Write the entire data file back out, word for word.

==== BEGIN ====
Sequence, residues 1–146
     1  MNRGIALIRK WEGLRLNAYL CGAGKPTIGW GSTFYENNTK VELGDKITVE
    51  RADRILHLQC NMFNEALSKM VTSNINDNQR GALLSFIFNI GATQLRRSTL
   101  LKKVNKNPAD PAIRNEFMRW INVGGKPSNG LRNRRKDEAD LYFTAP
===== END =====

Sequence, residues 1–146
     1  MNRGIALIRK WEGLRLNAYL CGAGKPTIGW GSTFYENNTK VELGDKITVE
    51  RADRILHLQC NMFNEALSKM VTSNINDNQR GALLSFIFNI GATQLRRSTL
   101  LKKVNKNPAD PAIRNEFMRW INVGGKPSNG LRNRRKDEAD LYFTAP